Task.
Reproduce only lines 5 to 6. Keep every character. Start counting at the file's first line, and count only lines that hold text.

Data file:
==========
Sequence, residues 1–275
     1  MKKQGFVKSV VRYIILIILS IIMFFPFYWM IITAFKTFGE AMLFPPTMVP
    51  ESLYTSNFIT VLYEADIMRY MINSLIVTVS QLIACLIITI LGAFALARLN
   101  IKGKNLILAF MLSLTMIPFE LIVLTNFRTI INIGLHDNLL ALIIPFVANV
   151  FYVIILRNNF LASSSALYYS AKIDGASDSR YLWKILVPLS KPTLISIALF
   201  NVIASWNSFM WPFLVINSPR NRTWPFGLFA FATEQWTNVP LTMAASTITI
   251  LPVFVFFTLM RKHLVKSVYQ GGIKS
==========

   151  FYVIILRNNF LASSSALYYS AKIDGASDSR YLWKILVPLS KPTLISIALF
   201  NVIASWNSFM WPFLVINSPR NRTWPFGLFA FATEQWTNVP LTMAASTITI